By New Times
By Connor Radnovich
By Robrt L. Pela and Amy Silverman
By Ray Stern
By Keegan Hamilton
By Matthew Hendley
By Monica Alonzo
By Monica Alonzo
Turrell was trying to do both.
By the mid-1990s, Turrell had outstanding loans on land alone of more than half a million dollars, and he was spending hundreds of thousands more to rebuild the deteriorated wells, fences and equipment of the properties he had consolidated. Upkeep on the ranch cost around $160,000 to $180,000 a year. And hundreds of thousands more dollars were going into cattle and machinery.
Had it not been for Turrell's art income, which was substantial, keeping the ranch and protecting the land around the crater wouldn't have been possible. Yet even that wasn't enough to keep his enterprise from almost tumbling down.
In the years since Dia abandoned the project, Turrell's art star had risen significantly. His museum and gallery installations had attracted a loyal following throughout the United States, Europe and Asia. He put money and time into the crater whenever he could. But the project lingered and moved ahead in fits and starts.
Turrell says he thought about it almost constantly, designing and redesigning it in his head and on paper hundreds if not thousands of times. Private benefactors had regularly come to his and Skystone's aid. But the project lacked a backer that could bankroll its completion.
That changed in 1994, when the Lannan Foundation opened discussions with Turrell and Skystone about supporting the construction of Roden Crater. Like Dia, the Santa Fe nonprofit (then located in Los Angeles) funded artworks and other causes that weren't likely to receive funding from more mainstream sources. Its $225 million in assets in 1997 put it in the top 1,000 of the approximately 50,000 philanthropies in the United States. The director of the foundation, J. Patrick Lannan, and his wife, Anne, who sits on Dia's board of directors, had been fans and collectors of Turrell's work for many years.
In 1994 and 1995, Lannan granted Skystone a total of $240,000 to get the project rolling. Count Giuseppe Panza di Biumo, the Italian industrialist and collector of contemporary art, gave Skystone $250,000 for Turrell to work with Flagstaff architect Paul Bustamante to complete the project's construction plans. Lannan also paid for a builder to supervise construction.
And in 1996, a reorganized Dia--now called the Dia Center for the Arts--reentered the picture with support to develop a Web site and other educational programs for the project.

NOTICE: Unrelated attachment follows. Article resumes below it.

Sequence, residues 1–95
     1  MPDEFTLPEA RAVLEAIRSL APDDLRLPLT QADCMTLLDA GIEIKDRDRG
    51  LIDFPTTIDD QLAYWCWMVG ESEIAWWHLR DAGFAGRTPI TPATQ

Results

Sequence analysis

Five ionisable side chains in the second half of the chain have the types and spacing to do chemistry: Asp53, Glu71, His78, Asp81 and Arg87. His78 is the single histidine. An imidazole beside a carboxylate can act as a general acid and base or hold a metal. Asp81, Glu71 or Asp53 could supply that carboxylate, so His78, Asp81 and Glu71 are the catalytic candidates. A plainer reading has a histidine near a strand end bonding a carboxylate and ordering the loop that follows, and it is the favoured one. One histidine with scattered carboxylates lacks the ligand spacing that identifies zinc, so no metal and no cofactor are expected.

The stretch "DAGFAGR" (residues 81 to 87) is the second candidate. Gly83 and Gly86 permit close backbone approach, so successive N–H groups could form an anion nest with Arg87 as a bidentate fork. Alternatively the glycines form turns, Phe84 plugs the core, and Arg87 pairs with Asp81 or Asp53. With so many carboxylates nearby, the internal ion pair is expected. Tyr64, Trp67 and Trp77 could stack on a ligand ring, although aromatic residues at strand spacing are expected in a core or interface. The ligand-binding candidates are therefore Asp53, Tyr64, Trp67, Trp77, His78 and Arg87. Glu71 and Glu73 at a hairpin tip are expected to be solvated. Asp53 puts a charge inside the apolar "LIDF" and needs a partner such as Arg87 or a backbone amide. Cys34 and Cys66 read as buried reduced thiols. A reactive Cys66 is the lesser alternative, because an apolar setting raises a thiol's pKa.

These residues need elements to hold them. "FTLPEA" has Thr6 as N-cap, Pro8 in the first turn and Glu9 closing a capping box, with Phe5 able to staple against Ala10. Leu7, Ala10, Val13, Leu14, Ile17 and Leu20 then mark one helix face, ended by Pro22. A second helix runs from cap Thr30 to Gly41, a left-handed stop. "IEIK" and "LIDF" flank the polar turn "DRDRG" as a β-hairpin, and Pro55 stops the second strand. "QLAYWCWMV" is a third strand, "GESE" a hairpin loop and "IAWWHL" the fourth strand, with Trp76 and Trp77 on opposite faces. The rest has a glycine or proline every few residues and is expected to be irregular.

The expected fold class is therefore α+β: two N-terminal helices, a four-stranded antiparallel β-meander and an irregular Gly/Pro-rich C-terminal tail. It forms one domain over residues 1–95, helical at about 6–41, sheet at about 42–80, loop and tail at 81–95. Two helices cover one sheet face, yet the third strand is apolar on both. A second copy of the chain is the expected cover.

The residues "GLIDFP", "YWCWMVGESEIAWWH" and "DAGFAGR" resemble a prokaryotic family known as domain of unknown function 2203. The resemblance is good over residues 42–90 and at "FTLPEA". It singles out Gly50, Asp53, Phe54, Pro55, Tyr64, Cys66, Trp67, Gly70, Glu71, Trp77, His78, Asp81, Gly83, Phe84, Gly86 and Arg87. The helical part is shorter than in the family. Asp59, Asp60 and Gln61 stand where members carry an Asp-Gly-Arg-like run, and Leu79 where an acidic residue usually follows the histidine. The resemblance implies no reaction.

By then Turrell's marriage to Julia Brown Turrell, a museum curator, now at the Guggenheim Museum in New York, who was then serving as Skystone's director, was falling apart. And years of financial strain had caught up with the artist.
"Jim's problem was that he was surrounded by people who patted him on the back and told him what he wanted to hear," says an associate who requested anonymity because of ongoing dealings with Turrell. "It's a wonderful thing, but it just wasn't real."
People familiar with the problems at the time say that in addition to being in debt on the ranch and land, Turrell, like a good many creative heads, wasn't particularly interested in the mundane details of managing a business. By then both his ranch and art were consolidated under a corporation called Turrell Trading.
"But he had no effective way to evaluate what he could and could not do," says the associate. "He wasn't realistic about the cost and aspects of the crater. There was no reality in anything he was looking at."
Brown resigned from Skystone at the end of 1996. She wouldn't discuss her involvement with Turrell or Skystone with New Times.
In the spring of 1997, reality hit the table, when Lannan learned the extent of Turrell's financial troubles. Turrell's ranch had been absorbing debts for years. He owed a substantial amount to the IRS, and his divorce threatened his ownership of the land. Lannan insisted that Turrell hire a business manager to straighten out his affairs as well as a studio manager to install his works around the world.
Over the next year, Lannan, Turrell, Skystone and Dia negotiated an agreement determining what form a future partnership in the project might take and what role, if any, the ranch would have.
Early on, there was talk of bringing the ranch into the foundation, where the two could function together the way Turrell had tried to make them work all along.
But the Lannan Foundation balked.
"What it boiled down to was Jim was unwilling to relinquish that portion of his vision for the crater," says ranch manager Doug Ruppel. "And the Lannans were unwilling to have any involvement with the ranch."
Turrell says it was difficult to get Lannan and Skystone to understand what he considered the ranch's key role in the project.
The result was a separation between Skystone and the ranch.
"Skystone didn't want to jeopardize the funding of their art project over what they saw as Jim's playing with this ranch," Ruppel says.
Although the ranch had been a huge financial burden, by 1998 Ruppel had brought it to the brink of profitability.
"Key to that," he says, "was the art project having some involvement in either the cost of the land or the cost of operating the ranch."
Turrell, who had come to view the ranch as a natural extension of his involvement in the crater, says he wanted the foundations to accept the ranch as an essential part of his vision.